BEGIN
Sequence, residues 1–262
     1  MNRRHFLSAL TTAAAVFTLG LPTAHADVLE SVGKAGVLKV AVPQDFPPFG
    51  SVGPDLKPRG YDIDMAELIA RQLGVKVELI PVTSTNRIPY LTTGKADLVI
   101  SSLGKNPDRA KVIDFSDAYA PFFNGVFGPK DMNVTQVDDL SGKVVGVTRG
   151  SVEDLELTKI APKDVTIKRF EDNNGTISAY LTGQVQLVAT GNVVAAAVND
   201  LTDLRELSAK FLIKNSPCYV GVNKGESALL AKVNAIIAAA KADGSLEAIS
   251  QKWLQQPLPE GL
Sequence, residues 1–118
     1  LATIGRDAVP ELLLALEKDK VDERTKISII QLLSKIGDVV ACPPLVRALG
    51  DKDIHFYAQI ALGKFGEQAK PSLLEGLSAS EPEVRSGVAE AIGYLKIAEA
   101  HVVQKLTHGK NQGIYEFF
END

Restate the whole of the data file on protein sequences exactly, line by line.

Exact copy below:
Sequence, residues 1–262
     1  MNRRHFLSAL TTAAAVFTLG LPTAHADVLE SVGKAGVLKV AVPQDFPPFG
    51  SVGPDLKPRG YDIDMAELIA RQLGVKVELI PVTSTNRIPY LTTGKADLVI
   101  SSLGKNPDRA KVIDFSDAYA PFFNGVFGPK DMNVTQVDDL SGKVVGVTRG
   151  SVEDLELTKI APKDVTIKRF EDNNGTISAY LTGQVQLVAT GNVVAAAVND
   201  LTDLRELSAK FLIKNSPCYV GVNKGESALL AKVNAIIAAA KADGSLEAIS
   251  QKWLQQPLPE GL
Sequence, residues 1–118
     1  LATIGRDAVP ELLLALEKDK VDERTKISII QLLSKIGDVV ACPPLVRALG
    51  DKDIHFYAQI ALGKFGEQAK PSLLEGLSAS EPEVRSGVAE AIGYLKIAEA
   101  HVVQKLTHGK NQGIYEFF